Adorable home! After reading all through the posts now i want to see a blog to follow the progress. Its like finding a good book and i need to know what happens! So link here when you get that up and going! My experience has only been with redoing a Victorian home in VA. But i love the Frank L Wright – ness of your home and the small horizontal bricks are divine. I think vertical lines would expand the look of it and add to the whole line-gorgeousness of your home. Whatever you do i am sure you will have thought it out!

  2. Suzy says

    My mid-mod house in the PNW was “panabode” construction, basically cedar planks placed vertically, with a steel ribbon holding them together. We added insulation to the outside by installing 4×8 sheeted foam insulation (looks like particle board plywood, and has a 1/2 layer of foam inside) covered by Hardie siding in full sheets, which looks like smooth stucco, but won’t crack as easily in an earthquake. We trimmed it with aluminum. Hard to imagine, I know. But a beautiful nod to mid-mod with a 21st century edge.

  3. MbS says

    Nita, I encourage you to think about color! I grew up in Montana, and during the grey days, well, color is so cheerful and hopeful against the white of snow and charcoal greige of dirty snow days. Lots of options and you have great lines for color contrast, based on the existing red….happy for you. :)

  4. Libbyontheprairie says

    Can we see pictures of the inside of your house! I’m particularly interested in the Sears Homart cabinets! Thanks!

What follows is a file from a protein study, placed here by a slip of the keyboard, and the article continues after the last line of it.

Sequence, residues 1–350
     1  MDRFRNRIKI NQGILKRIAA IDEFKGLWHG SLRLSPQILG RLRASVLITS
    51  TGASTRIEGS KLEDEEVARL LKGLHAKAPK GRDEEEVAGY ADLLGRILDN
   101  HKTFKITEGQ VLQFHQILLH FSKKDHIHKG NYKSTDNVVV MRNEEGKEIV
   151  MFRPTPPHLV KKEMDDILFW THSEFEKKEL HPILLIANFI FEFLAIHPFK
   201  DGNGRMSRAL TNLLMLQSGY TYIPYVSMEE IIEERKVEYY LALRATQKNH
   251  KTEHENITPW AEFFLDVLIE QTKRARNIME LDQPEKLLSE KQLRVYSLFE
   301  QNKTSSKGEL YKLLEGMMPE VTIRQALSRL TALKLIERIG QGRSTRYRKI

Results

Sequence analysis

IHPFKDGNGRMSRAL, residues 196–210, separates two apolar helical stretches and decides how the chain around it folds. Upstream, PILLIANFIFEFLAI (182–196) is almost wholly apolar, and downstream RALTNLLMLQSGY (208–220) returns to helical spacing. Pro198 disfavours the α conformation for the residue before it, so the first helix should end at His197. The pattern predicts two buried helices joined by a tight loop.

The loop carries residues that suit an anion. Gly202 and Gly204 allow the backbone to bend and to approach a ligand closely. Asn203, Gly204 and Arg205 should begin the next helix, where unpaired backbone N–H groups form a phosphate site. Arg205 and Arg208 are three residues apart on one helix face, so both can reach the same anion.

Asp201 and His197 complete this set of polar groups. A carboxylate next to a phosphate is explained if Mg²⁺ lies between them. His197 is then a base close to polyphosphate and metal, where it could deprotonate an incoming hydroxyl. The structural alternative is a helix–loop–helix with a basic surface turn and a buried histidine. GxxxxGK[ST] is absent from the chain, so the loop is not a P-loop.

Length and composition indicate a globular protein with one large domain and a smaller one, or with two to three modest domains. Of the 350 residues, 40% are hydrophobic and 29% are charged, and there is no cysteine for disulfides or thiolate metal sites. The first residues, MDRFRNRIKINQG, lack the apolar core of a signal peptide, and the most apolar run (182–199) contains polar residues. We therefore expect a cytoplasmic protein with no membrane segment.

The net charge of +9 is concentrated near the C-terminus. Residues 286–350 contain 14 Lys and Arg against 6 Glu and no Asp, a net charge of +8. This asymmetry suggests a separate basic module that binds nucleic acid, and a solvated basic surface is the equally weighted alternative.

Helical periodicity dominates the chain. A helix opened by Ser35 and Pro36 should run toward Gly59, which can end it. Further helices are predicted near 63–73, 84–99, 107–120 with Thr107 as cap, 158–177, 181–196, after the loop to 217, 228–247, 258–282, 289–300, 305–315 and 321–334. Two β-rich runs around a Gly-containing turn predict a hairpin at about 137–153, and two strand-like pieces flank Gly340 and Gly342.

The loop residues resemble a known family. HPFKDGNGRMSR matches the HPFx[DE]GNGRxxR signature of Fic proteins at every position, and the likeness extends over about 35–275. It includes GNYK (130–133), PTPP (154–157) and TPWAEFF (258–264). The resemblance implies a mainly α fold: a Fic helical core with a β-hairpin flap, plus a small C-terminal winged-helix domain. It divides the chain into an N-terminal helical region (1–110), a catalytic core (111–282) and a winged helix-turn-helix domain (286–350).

5. Todd A says

    If you re-side this home make sure to box in that electrical pipe and panel, just have a round opening so the electric meter can be read, Hinge the area around the panel so repairs can be done. This was taken out in the “new” picture but is a major distraction that is curable.

    This home screams for mid century wood decorative panels on the carport sides, and to the right of the front door to give added depth and grounding to the large roof overhang. A design like the one on the bottom right side of this page would be era correct :

  6. Stacia says

    Hardie board is a wonderful product. If you get it in one of their standard colors, and there are many to choose from, you don’t have to paint it and it is guaranteed for like 25 years.

  7. tammyCA says

    Nita’s house is older than the state!
    I guess I never thought about older houses in Alaska before…maybe, I thought everyone lived in a cabin…the flat roof did surprise me, too.